I have felt this so strongly for so many months now.  In Uganda some of the problem was my own suffering and grief from the hardships that just come with being a missionary, but some of it was also being constantly surrounded by other's grief and loss. Young babies and children dying of illness that are so preventable, nothing I could do for debilitating, painful injuries and disease. The endless hunger and hopelessness that the poor, vulnerable and neglected of my adopted home struggled with daily.  Being in a position that I knew God put me in, a having resources to offer, but still feeling like what I was offering was a drip in the ocean. And calling on him, desperate, wanting to help people.  AND WHY WASN'T HE ANSWERING ME?!?
I got angry at God. Why was I hurting so much and he wasn't answering?! Why couldn't I do more?  Was I trying to work in my own strength?! I didn't want to be, but felt like I didn't have the strength to make it through the challenges of the days.  And He is a God of endless strength. So the disconnect had to be on my end, right?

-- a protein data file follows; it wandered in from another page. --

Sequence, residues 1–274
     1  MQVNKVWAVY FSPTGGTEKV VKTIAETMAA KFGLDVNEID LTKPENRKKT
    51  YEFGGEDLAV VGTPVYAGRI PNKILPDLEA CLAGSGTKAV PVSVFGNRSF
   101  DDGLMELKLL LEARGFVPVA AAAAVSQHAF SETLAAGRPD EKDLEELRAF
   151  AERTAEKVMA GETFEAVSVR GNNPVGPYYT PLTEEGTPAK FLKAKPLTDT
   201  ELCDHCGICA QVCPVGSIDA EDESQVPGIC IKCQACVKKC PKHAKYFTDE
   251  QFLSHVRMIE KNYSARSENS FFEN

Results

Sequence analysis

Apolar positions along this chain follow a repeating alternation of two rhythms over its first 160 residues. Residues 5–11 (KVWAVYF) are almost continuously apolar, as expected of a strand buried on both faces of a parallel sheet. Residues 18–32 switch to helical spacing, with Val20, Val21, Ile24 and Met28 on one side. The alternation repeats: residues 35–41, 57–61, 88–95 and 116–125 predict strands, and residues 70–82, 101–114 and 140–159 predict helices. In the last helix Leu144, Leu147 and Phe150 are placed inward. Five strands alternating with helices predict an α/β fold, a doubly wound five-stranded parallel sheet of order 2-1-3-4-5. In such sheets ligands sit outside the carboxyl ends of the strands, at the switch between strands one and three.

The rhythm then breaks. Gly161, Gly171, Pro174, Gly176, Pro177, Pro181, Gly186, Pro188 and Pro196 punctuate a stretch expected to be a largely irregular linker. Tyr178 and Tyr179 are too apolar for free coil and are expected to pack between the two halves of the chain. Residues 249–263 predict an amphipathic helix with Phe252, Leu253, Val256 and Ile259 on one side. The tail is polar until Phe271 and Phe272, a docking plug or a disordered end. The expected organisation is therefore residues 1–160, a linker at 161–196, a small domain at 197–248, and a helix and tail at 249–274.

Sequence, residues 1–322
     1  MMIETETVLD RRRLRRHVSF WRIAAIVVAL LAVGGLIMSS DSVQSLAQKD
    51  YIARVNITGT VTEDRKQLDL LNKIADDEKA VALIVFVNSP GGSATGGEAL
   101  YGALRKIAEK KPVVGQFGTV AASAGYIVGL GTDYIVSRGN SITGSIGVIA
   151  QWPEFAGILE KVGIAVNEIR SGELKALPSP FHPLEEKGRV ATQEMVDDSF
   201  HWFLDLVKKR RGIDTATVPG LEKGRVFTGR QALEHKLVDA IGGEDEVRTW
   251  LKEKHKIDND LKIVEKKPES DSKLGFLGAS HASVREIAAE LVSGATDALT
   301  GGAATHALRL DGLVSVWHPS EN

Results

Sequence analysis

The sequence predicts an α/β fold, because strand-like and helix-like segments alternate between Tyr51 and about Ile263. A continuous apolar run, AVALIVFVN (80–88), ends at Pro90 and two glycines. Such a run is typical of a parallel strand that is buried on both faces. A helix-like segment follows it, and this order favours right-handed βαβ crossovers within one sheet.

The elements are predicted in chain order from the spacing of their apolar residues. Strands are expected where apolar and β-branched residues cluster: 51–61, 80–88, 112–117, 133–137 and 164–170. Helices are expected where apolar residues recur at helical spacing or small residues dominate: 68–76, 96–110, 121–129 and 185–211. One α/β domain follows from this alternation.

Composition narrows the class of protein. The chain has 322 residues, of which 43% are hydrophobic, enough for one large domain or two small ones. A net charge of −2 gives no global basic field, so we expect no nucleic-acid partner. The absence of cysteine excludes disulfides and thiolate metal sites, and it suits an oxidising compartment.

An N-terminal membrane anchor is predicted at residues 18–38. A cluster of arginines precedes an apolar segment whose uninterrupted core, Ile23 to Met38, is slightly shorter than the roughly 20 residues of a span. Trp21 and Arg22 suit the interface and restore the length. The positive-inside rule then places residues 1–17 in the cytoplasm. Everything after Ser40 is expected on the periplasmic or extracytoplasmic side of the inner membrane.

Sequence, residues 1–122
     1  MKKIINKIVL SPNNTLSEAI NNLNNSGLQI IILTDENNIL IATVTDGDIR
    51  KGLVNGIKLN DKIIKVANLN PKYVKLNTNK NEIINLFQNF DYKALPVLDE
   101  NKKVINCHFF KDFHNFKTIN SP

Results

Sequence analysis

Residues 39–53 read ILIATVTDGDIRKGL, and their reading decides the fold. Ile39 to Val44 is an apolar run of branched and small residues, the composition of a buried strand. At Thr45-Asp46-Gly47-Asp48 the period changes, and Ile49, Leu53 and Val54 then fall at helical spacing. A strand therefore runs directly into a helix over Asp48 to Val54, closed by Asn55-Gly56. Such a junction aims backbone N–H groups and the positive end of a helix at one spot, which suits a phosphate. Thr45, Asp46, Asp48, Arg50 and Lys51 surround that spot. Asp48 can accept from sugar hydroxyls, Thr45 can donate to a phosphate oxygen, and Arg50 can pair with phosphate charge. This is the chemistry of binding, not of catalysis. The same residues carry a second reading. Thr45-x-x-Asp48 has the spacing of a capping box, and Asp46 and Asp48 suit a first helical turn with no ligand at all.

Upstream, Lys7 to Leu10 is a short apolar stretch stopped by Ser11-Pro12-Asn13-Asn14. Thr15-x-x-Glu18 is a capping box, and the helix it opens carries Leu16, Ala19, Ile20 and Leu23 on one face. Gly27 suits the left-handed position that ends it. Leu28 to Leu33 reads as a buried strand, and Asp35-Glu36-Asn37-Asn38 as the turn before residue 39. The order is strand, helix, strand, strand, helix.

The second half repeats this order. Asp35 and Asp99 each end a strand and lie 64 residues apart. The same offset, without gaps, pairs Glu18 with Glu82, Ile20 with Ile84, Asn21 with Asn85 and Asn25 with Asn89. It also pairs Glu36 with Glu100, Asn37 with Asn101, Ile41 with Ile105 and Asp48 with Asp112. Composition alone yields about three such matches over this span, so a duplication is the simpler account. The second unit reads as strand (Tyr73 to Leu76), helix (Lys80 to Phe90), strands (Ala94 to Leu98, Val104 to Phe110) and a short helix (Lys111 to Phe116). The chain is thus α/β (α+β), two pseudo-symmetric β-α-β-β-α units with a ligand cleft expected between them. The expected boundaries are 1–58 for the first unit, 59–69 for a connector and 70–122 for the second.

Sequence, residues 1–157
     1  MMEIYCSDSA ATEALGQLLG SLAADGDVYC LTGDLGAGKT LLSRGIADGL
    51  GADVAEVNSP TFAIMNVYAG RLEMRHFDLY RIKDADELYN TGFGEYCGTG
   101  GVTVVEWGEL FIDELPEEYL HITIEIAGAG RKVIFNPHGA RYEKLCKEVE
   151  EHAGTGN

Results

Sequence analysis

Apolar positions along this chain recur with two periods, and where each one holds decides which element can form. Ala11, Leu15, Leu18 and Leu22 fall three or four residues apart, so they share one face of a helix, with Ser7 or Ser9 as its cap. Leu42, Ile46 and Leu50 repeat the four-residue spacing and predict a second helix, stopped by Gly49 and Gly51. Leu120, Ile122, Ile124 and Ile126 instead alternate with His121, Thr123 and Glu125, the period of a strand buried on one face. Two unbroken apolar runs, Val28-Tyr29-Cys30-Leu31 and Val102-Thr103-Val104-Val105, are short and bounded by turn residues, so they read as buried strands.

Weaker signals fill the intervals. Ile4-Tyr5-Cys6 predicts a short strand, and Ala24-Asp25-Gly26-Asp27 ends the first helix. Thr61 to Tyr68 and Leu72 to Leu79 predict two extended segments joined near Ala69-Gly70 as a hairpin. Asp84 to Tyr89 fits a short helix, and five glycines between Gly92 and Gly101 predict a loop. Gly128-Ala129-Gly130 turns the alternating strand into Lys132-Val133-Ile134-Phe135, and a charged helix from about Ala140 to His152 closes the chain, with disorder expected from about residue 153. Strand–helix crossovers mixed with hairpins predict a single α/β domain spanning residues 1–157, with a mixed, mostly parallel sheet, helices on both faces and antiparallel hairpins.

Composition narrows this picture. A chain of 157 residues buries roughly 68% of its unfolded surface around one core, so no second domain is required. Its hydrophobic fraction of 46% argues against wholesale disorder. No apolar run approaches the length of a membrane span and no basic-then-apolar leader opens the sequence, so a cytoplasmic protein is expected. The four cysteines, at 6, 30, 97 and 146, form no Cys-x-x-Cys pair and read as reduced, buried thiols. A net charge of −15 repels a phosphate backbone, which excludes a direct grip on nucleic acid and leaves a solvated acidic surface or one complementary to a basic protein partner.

Even after being away from it for a year now I still get mired down in hopelessness and discouragement more often than I'd like to admit. I don't even like to confess that because of the shame that always comes with it. But that is a topic for another post (or seven.)

Tomorrow I'm climbing on plane. I'm packed, international driver's license in hand, several currencies in pocket. Physically ready. But scared. Sad. Afraid. However, I really, really want to do this at the same time. Will you please pray?
I'm not even sure what to ask you to pray. I'd love to come back at the end of this short trip with a clear idea in mind of a place God is calling me to serve (or even a possibility or two that are divinely ordained, or even at least a sense I'm supposed to be living again in Uganda in the near future). But I'm not sure that is from the Holy Spirit. I need to learn again to trust, listen, wait. Be content in these circumstances. Be satisfied in God alone.  Thanks.

Thursday, February 8, 2018

So I really want to update this blog, not really because I have anything to share but it has been nearly 3 months so it seems like it is time.

I'm working regularly at Saint Mary's freestanding ER. I'd forgotten the joys of flu season... though it still isn't as bad a malaria season.

Rather than read my random ramblings anymore I'm just going to post some pictures from my brief visit to Uganda in December. Enjoy!

Jackfruit